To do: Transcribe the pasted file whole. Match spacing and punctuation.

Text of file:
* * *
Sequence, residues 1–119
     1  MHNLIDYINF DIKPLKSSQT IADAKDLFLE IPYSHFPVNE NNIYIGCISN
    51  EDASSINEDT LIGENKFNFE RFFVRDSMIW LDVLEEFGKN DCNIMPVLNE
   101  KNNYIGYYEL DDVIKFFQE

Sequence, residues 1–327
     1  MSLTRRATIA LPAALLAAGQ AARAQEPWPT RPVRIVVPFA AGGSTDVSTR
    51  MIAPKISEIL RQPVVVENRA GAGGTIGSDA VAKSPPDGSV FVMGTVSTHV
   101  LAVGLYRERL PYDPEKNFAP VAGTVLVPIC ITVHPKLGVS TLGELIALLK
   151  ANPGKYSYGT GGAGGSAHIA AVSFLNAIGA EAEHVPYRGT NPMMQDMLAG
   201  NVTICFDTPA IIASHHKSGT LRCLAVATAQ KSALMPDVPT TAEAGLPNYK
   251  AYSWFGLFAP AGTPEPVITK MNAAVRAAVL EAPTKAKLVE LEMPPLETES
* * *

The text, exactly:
Sequence, residues 1–119
     1  MHNLIDYINF DIKPLKSSQT IADAKDLFLE IPYSHFPVNE NNIYIGCISN
    51  EDASSINEDT LIGENKFNFE RFFVRDSMIW LDVLEEFGKN DCNIMPVLNE
   101  KNNYIGYYEL DDVIKFFQE

Sequence, residues 1–327
     1  MSLTRRATIA LPAALLAAGQ AARAQEPWPT RPVRIVVPFA AGGSTDVSTR
    51  MIAPKISEIL RQPVVVENRA GAGGTIGSDA VAKSPPDGSV FVMGTVSTHV
   101  LAVGLYRERL PYDPEKNFAP VAGTVLVPIC ITVHPKLGVS TLGELIALLK
   151  ANPGKYSYGT GGAGGSAHIA AVSFLNAIGA EAEHVPYRGT NPMMQDMLAG
   201  NVTICFDTPA IIASHHKSGT LRCLAVATAQ KSALMPDVPT TAEAGLPNYK
   251  AYSWFGLFAP AGTPEPVITK MNAAVRAAVL EAPTKAKLVE LEMPPLETES